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Is This is What Americans Consider Sacrifice These Days?

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    Is This is What Americans Consider Sacrifice These Days?

    If you get a Sunday paper, you may have seen the annual "what do people make" issue of Parade magazine.

    They included results of a survey, and these two questions really caught my attention.

    Q: Have you had to make sacrifices over the last year to make ends meet?
    A: Yes = 74%
    No = 26%

    Q: What have you had to sacrifice?
    A: Vacation plans = 68%
    Dining out = 67%
    Home improvements = 52%
    Going to the movies = 50%
    Designer clothes = 34%
    Jewelry = 32%

    Am I the only one who doesn't see a single sacrifice on that list?
    These are the sorts of things I would consider a sacrifice:
    - Having to forgo a necessary medical treatment
    - Not having enough to eat to meet my basic nutritional requirements
    - Giving up my home and going and living in my car

    The answers people gave to what qualify as a "sacrifice" are mind-boggling to me. They are talking about scaling back on unnecessary luxuries. Since when does that qualify as a sacrifice?

    Sorry to rant, but after reading those poll results I felt quite dismayed ... Are Americans really that out of touch with reality?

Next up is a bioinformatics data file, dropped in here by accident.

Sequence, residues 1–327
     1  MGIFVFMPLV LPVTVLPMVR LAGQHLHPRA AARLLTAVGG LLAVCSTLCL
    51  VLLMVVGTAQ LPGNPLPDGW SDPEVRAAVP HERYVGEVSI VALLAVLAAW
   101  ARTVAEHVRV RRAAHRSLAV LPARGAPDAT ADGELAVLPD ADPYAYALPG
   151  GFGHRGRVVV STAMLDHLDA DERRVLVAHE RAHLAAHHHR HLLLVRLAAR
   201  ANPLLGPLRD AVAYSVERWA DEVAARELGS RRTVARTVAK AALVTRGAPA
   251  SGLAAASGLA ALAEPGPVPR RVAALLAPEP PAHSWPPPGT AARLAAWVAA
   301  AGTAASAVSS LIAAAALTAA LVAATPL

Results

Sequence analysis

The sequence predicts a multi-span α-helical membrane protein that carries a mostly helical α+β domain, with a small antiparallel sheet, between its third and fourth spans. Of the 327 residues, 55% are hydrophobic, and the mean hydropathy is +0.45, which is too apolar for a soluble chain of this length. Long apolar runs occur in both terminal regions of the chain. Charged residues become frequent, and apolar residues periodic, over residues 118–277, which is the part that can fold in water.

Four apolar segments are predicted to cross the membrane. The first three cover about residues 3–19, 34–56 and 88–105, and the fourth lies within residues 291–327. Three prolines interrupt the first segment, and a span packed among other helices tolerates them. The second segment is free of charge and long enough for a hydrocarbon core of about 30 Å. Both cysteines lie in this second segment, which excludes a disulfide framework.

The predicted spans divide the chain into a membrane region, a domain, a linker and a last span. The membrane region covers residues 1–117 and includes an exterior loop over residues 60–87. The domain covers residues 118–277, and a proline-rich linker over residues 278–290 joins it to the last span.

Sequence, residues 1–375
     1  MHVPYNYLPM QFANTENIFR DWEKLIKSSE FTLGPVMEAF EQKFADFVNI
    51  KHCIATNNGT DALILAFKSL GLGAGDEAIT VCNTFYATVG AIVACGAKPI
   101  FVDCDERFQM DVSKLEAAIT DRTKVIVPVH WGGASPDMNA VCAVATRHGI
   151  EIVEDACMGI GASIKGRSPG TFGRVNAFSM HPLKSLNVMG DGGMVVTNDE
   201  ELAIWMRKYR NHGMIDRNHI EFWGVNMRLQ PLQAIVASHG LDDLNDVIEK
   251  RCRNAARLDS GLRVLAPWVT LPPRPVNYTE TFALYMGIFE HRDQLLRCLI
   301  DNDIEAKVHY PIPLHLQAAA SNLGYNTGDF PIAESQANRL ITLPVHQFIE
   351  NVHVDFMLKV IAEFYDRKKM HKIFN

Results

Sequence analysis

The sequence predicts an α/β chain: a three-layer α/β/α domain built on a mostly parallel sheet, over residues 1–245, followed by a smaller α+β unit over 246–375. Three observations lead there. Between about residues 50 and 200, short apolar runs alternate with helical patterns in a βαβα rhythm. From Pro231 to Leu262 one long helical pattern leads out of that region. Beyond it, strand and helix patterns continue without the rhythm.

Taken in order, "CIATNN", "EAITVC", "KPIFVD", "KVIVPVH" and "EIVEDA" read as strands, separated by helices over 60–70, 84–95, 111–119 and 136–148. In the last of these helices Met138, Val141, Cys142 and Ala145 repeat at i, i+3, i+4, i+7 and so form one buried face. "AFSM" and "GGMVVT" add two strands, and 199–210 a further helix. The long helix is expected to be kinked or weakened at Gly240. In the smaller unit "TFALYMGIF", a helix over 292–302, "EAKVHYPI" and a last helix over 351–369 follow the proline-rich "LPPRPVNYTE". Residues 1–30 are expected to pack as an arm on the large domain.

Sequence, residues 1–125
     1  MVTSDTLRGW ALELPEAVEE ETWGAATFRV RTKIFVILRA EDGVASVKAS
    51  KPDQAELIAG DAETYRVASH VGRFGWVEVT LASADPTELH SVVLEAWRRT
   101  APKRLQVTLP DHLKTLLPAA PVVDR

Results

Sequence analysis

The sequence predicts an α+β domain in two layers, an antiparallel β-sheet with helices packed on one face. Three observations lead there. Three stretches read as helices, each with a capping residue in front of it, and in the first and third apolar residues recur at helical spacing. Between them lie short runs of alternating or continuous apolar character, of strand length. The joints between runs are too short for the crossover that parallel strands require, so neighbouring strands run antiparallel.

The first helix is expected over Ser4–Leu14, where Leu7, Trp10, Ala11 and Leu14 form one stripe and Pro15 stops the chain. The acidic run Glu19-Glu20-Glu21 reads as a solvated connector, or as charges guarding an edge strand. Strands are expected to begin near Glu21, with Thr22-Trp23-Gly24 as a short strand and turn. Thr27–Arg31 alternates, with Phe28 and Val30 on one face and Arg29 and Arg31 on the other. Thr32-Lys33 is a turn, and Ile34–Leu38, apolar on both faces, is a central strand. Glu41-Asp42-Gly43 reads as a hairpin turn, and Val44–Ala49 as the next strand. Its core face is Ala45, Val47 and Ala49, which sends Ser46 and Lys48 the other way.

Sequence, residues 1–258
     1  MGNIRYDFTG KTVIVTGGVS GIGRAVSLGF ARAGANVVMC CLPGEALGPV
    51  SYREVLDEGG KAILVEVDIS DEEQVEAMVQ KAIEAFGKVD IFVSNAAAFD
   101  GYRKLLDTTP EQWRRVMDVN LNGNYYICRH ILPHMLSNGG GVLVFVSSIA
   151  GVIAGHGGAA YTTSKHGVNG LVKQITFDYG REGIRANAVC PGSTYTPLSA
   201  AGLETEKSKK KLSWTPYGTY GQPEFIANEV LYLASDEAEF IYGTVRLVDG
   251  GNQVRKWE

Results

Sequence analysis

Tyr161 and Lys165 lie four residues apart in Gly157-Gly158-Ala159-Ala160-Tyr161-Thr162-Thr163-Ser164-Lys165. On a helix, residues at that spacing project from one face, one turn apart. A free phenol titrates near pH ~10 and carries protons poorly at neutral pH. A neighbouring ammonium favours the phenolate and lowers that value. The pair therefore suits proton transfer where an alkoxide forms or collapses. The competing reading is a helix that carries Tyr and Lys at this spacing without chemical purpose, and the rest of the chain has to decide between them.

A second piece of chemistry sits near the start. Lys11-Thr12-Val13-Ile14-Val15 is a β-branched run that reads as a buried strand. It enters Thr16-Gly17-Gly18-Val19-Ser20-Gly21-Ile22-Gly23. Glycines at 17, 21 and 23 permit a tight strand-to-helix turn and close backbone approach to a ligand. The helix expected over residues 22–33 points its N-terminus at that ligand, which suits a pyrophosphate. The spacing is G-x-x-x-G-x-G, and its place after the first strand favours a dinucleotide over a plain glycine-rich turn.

#2
    Very interesting, I agree with you.

    Comment


      #3
      I looked up the word sacrifice and #3 on the list of definitions, after #1 and #2 which both refer to animal sacrifices, was this:

      "3. the surrender or destruction of something prized or desirable for the sake of something considered as having a higher or more pressing claim."

      I see nothing wrong with calling giving up the things on that list sacrifices. I don't think something has to be a basic necessity to qualify as a sacrifice. If you take a family vacation every year and this year you are skipping it for financial reasons, I think that is a sacrifice. If you and your spouse do a monthly date night and go to dinner and a movie and you've stopped doing that for financial reasons, I think that is a sacrifice, too.

      You are giving up something desirable for the sake of a more pressing need.
      Steve

      * Despite the high cost of living, it remains very popular.
      * Why should I pay for my daughter's education when she already knows everything?
      * There are no shortcuts to anywhere worth going.

      Comment


        #4
        Kinda makes my giving up the golf membership, my motorcycle and cable wimpy. Of course, I would give up much more, but anything else would affect princess.

        Comment


          #5
          I agree with Disney Steve on this one. By definition, it does not have to mean that you are on the verge of living in a car or not seeking medical attention. Certainly these are major sacrifices, but I believe that all of the ones in the survey can be deemed sacrifices as well. In the grand scheme, they are just minor. I have been on the site now for a few months and have enjoyed and learned many things in that short period. However, I sometimes feel as if this is an anti-spending board. It just seems that there is an anti-spending sentiment that weaves its way through nearly every thread. That is just a personal opinion and no one else may feel that way, but I just wanted to throw it out there.